Impact of The Invisible Man Essay

The constraints described in “The Invisible Man” imply we live in a country that is divided by race, ethnicity, religion and class (prejudices towards differences) - Impact of The Invisible Man Essay introduction. A person’s life is then heavily shaped around these perimeters. Some in the minority unfortunately try to deny these barriers to entry of the American elite by ignoring warnings and repressing past and present disparities and replacing them with hope. This behavior is brought forth by the natural defiance of a human to not be made believe that he is inferior, and from the confusion between the meanings of the laws of desegregation and social integration. The story of the Invisible Man describes the hardship and reality this path leads an African American, and in reality to many Minority-Americans.

The first thing our reading points out is how divided Americans are and the reasons. The most basic fact is that the majority of American citizens are white of European ancestry. As in any other country, the majority rules. In this country the majority also enjoys the contributions of their minority (from slaves to modern sweat shops, to the front lines of war, music, sports, etc). To keep receiving these benefits laws are set that enable for such activities to occur. Americans will bend over backwards when some economic or political interest is made relevant to them (WTO’s real intentions for example).

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However, it is taboo for a white person to assimilate into a minority culture making minorities non-American. Since 1607 whites have been melting together and have homogenized the American way of life. The laws for the American way of life place the Northern Europeans on the top with all other whites under them, then all other minorities and last the black man. This can be seen throughout all of our business and political establishments.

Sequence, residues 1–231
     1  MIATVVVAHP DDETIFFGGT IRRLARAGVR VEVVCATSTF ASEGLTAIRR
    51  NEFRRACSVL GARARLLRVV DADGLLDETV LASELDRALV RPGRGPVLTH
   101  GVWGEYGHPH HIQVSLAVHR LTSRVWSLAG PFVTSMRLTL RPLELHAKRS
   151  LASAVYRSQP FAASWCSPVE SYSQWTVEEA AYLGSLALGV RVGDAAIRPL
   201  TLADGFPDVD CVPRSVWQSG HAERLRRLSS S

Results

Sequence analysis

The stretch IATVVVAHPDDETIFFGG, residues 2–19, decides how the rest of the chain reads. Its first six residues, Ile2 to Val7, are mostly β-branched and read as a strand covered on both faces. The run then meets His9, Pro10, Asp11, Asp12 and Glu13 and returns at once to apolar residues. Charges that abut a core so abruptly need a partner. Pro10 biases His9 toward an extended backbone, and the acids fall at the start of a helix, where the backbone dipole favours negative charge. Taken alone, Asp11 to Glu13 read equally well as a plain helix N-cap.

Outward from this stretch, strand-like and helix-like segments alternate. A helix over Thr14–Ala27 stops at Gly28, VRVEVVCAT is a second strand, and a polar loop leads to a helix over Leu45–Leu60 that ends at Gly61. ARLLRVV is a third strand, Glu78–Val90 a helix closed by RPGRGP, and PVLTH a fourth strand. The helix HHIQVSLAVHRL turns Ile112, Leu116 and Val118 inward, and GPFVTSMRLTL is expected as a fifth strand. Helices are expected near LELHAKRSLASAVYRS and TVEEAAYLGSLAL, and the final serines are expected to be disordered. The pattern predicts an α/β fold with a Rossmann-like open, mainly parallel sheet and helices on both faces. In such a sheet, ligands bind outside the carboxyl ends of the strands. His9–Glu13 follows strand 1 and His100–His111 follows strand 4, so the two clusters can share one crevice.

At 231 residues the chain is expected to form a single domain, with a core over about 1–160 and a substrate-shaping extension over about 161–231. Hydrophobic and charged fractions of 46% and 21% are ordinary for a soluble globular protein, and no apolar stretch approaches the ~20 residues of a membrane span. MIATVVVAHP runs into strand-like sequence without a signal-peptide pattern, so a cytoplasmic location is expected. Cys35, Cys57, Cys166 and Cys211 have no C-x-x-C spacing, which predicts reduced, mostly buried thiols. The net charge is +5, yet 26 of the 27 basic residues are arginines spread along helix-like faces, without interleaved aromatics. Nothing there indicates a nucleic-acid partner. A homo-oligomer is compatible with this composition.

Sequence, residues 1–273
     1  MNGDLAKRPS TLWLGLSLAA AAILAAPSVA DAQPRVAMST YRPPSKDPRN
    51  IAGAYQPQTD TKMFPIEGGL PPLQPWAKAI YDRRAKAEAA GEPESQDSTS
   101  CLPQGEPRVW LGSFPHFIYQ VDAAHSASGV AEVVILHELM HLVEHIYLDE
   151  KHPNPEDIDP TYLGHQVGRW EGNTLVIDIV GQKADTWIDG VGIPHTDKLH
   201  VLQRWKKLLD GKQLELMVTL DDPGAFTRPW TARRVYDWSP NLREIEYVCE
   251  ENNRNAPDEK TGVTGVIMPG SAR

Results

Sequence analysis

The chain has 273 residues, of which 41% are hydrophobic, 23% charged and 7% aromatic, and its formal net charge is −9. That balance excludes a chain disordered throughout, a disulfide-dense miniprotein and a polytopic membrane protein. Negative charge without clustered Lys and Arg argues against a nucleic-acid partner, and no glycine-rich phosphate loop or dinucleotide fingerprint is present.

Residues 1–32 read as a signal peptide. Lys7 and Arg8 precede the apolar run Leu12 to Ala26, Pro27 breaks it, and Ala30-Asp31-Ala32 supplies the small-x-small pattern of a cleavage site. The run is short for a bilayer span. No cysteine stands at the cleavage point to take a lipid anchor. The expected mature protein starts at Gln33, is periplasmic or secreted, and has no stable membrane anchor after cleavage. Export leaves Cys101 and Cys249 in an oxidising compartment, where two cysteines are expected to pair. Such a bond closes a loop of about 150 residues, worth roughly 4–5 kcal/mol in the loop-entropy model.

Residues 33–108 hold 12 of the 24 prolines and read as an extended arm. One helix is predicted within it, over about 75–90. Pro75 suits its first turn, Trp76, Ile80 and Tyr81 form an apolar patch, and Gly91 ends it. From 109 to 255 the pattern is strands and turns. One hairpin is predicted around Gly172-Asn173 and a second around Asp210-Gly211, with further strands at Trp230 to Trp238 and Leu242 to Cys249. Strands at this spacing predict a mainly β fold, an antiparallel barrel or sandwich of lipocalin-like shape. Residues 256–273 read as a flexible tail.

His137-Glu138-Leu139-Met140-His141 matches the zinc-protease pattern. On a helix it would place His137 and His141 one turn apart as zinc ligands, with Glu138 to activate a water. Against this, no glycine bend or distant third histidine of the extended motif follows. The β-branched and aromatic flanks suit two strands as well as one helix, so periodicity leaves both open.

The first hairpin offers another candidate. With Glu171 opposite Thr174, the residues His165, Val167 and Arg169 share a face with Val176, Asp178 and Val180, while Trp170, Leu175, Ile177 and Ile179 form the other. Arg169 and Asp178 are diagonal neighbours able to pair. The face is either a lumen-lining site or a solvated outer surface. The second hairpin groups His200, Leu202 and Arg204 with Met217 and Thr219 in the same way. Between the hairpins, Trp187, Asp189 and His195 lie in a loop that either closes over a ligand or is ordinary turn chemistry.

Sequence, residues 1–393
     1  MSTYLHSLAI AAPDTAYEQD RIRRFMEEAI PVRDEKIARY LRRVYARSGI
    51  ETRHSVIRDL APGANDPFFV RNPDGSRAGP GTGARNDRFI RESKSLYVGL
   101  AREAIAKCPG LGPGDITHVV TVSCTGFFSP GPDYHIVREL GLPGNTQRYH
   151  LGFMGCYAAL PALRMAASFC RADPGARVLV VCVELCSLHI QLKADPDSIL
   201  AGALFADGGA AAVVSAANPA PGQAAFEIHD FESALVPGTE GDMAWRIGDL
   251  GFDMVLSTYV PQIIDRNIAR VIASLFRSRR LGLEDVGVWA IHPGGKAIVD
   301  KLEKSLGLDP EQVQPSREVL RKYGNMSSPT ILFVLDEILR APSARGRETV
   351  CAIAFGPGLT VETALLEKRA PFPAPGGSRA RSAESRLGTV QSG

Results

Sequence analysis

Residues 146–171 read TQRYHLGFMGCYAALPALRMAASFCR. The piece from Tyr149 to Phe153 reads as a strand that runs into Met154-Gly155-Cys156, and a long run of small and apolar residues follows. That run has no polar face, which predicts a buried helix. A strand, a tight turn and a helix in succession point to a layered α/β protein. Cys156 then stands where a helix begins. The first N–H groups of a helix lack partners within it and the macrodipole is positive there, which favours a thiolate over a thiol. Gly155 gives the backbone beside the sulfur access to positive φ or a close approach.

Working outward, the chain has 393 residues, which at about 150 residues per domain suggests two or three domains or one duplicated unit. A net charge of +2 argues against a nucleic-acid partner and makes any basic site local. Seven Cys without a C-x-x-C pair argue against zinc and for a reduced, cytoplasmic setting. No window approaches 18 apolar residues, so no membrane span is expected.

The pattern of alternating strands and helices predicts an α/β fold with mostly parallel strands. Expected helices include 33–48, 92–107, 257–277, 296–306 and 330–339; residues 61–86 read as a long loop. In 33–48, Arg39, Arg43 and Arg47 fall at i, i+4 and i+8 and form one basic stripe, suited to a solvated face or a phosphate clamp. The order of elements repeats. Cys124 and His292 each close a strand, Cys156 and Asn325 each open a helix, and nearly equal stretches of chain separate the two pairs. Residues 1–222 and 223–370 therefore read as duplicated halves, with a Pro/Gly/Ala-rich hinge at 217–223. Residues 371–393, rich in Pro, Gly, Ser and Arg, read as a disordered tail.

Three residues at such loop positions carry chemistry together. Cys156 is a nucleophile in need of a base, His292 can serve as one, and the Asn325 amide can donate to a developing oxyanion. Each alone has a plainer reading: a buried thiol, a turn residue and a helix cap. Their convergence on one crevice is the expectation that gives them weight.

Minorities are still urged to give it their best, but their best in never respected. Even when blacks or other minorities make it into political positions of prestige, they must always watch their backs and be careful not to be discharged for not conforming.

If minorities, especially blacks, do decide to conform, whites ridicule them further. They are not treated with the same comradery or given access to memberships of facilities that foster the most successful of Americans. They are psychologically abused by being made feel that they are doing the right thing but not good enough. Examples of achievements by other blacks are hung before them. But when they make it, they realize that there is nothing for them. All other races also ridicule the conformant. They label him a sell out and a hypocrite. The African-American is then put into a no-win situation.

Unlike other minorities blacks born in America do not have a culture to fall back on, be proud of, and call their own. There is a missing link between the African and the black born in America. White Americans do not have a culture, but they pretend to have one by flaunting their power, money and possessions. The African American was denied the practice his own African culture during the time Africans first arrived in this country. Then there were hundreds of years of attempts to assimilate into the American culture, which increasingly burned the bridge to Africa. Today they are told that they do not have a culture unless poverty is considered one, or that what they do practice is not a socially acceptable culture (by whites of course). This leaves blacks in America nowhere. All blacks in America have to call their own is the horrifying memories of their ancestors within the last three hundred years. All they have to look forward to is the continual destruction of their race in America. In the end, the black middle class is made to feel invisible, as if they do not exist. And the poor black class is looked at as the enemy of our America.

Our forefathers tried to warn blacks, but the passages of the 13th, 14th and 15th Amendments have confused many into thinking that whites do want to assimilate ( just not all of them). Unfortunately there is a misconception about these laws. These laws are desegregation laws, not social integration laws. But because they did not say, they were viewed as the ticket to being American. But recent hate crimes tell the truth.

Many whites today do not consider themselves racist. They feel that they are equal and fair. But they are blind. Their upbringing has systematically taught them that they have unspoken privileges and that they must always protect them. Until they are willing to admit that they are racist and that they must do something, the equal distribution of power to all races and ethnicity’s will not occur. The United States tells the world it stands for freedom and equality. But we know that the unspoken truth is that their will always be a barriers to education, access to capital and economic freedom for blacks and minorities.

The Invisible Man by Ralph Ellison

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